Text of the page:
(Reuters) – Apple Inc on Tuesday forecast stronger-than-expected third-quarter revenue and Chief Executive Tim Cook said iPhone sales had begun to stabilize in China, a sign that Apple’s price cuts are there to help reduce revenue decline.
FILE PHOTO: 3D printed Apple logo is seen in front of a display stock graph in this image April 28, 2016. REUTERS/dado Ruvic/Illustration
IPhone sales marked their biggest decline ever, falling 17 percent in the second quarter from a year earlier and missing analyst expectations. But Apple executives said a pick up in iPhone sales in the direction of the end of the second quarter, along with growth in the sales of services and portable devices, has made them optimistic about the current quarter.
Shares rose more than 5 percent to $211.50 in after-hours trading after Apple announced the results.
Apple said it expects revenue between $52.5 billion and $54.5 billion for the current quarter that ends in June, above the analysts’ average estimate of $51.93 billion, according to the IBES data of Refinitiv.
In an interview, Apple Chief Executive Tim Cook said that iPhone sales have started to strengthen during the last weeks of the second quarter.
“If we look at the iPhone results by means of Q2, the results were stronger on a year-on-year basis for the last few weeks of the quarter. We also saw a similar result in China,” Cook told Reuters in an interview. “This, together with the continued success with wearables and so on, gives us confidence that it’s getting a little better.”
Apple reported net earnings per share of $2.46 for the March quarter, compared with Wall Street’s average estimate of $2.36.
Apple said that the iPhone revenues were $31.05 billion euros, slightly below analyst estimates of $31.10 billion, according to data from FactSet.
Services revenue, which includes sales of Apple Music, the App Store, and other businesses, reached $11.45 billion, compared with the analyst estimate of $11.32 billion, according to FactSet.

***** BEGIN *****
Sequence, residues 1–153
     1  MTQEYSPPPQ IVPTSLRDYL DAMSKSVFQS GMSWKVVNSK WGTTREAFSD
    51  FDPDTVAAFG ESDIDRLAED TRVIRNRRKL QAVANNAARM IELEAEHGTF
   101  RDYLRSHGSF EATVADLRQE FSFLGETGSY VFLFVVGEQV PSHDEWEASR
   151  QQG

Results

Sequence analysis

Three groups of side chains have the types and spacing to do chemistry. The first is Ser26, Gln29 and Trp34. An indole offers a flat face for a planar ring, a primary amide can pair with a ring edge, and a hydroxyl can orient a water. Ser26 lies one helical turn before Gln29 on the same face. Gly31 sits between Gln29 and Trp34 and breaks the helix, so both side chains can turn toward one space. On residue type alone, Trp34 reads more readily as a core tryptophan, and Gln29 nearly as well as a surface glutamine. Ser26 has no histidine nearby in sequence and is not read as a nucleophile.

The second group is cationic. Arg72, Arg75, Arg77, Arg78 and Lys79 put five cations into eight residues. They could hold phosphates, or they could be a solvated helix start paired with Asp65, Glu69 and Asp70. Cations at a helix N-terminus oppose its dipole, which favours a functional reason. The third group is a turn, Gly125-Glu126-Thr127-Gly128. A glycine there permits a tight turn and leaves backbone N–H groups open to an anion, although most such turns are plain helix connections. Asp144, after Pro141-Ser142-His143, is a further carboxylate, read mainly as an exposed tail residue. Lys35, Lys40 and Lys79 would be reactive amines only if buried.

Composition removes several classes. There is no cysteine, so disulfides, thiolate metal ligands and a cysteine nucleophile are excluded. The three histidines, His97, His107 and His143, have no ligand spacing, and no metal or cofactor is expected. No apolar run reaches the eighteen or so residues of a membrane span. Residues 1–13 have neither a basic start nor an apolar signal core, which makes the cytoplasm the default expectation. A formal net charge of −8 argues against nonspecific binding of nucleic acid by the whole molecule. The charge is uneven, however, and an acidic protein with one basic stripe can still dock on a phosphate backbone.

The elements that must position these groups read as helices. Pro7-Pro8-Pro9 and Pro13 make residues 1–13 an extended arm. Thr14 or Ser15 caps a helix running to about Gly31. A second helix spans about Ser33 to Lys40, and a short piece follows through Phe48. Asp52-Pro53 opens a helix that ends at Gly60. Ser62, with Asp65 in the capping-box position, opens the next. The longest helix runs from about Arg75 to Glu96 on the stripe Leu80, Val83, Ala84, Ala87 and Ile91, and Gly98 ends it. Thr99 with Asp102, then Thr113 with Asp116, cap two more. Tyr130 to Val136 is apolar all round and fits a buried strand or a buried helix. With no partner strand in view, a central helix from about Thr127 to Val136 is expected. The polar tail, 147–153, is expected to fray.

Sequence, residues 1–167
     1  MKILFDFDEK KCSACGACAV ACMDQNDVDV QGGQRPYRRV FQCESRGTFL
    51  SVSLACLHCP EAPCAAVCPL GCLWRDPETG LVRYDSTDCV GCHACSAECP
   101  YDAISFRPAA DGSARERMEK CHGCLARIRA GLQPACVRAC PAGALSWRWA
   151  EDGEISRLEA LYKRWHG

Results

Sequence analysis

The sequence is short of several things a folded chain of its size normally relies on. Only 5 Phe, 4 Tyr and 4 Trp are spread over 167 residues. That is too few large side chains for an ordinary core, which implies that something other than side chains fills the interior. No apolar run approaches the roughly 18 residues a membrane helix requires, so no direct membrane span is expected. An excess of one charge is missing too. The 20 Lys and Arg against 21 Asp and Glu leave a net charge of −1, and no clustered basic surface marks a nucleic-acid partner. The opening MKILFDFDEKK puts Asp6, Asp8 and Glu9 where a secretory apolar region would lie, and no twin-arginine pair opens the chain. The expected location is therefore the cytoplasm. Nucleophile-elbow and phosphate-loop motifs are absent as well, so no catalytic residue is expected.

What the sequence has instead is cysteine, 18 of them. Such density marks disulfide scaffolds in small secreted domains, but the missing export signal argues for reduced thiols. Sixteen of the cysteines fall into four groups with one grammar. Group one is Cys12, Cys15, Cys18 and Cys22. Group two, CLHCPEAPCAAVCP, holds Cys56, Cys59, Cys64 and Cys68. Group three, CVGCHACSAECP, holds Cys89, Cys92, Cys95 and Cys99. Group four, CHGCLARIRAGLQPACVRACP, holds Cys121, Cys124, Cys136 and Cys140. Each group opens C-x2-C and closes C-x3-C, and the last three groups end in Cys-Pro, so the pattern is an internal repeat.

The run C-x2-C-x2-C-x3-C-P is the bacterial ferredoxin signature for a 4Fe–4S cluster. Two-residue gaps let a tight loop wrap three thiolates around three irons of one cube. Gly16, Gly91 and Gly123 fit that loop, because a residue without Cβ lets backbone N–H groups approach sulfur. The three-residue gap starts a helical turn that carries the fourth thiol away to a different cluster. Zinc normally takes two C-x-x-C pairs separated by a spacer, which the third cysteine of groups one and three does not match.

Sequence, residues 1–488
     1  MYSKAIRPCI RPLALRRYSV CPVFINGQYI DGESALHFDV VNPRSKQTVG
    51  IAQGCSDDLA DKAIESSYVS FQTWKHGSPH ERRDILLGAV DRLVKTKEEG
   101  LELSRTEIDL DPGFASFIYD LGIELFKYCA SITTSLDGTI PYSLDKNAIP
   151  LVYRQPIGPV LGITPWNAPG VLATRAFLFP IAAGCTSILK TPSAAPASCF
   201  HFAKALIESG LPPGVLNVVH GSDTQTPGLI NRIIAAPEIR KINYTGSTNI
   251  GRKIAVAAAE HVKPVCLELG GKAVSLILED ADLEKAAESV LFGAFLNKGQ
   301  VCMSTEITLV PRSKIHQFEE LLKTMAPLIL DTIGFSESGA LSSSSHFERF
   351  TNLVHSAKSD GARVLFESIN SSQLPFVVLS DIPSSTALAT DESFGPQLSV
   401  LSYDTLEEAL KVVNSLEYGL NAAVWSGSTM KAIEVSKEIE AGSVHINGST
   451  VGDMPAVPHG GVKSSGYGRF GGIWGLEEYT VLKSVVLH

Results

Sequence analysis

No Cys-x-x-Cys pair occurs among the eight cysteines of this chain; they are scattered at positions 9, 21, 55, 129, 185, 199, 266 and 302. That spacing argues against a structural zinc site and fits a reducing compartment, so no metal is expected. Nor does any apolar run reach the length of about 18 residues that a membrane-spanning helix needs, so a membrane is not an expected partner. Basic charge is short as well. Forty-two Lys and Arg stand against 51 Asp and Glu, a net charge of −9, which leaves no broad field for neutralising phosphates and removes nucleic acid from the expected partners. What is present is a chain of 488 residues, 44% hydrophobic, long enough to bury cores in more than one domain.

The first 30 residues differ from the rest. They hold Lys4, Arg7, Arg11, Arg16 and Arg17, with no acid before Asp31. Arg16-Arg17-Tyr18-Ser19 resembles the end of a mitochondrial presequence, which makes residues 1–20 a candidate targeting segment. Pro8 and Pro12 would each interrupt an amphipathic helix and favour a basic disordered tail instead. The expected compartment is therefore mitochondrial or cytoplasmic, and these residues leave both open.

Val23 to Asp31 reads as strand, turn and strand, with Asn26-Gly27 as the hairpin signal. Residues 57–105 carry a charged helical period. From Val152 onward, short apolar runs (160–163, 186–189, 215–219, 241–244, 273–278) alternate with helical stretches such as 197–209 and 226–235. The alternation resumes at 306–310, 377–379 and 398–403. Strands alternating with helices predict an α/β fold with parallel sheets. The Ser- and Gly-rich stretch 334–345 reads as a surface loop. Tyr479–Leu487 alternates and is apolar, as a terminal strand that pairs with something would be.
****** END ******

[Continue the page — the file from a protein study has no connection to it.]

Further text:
Apple has struggled with a slowdown in iPhone sales in key markets such as China saw its first year-on-year decline in the iPhone revenue for the holiday shopping season.
The delay stems in part from the iPhone to the high costs and competition from rivals such as Huawei Technologies Co Ltd, Xiaomi Corp, Oppo, and Vivo – all of which sell cheaper phones with features similar to the iPhone.
The Cook, however, said, price adjustments in China, together with lower Chinese tax on the iPhone and the trade-in and financing offers from Apple offered, helped iPhone sales start to recover towards the end of the quarter. Cook also said that he is “optimistic” that the United States and China will soon reach a trade agreement.
“The trade relationship, compared to the previous quarter, is better. The show is better,” Cook told Reuters. “The sum of all this together, it has helped us.”
Investors are looking at Apple’s business to fuel growth as iPhone sales slow. Last month, Apple unveiled a new credit card offer and the subscription services for news, television and gaming, but only the news subscription is currently available to buy.
Apple on Tuesday said it has 390 million subscribers for both its own and third-party services on the devices. The company has a goal of 500 million in 2020.
FILE PHOTO: Apple CEO Tim Cook speaks at the Anti-Defamation League “Never is Now” summit in New York City, New York, USA, 3 December 2018. REUTERS/Brendan McDermid
Apple also beat analyst expectations for the portable company, with a revenue of $5.13 billion, compared with estimates of $4.79 billion, according to FactSet data.
For the fiscal second quarter ended in March, Apple reported a revenue of € 58.02 billion, above the analysts’ average estimate of $57.37 billion, according to Refinitiv data.
Apple has also said that the board authorized an additional $75 billion in the purchase of own shares and increased the dividend by 5 per cent. Apple said that it spent $27 billion on share buybacks and dividends in the course of the second quarter, which is a record for the company.
Reporting by Stephen Nellis in San Francisco; Editing by Lisa Shumaker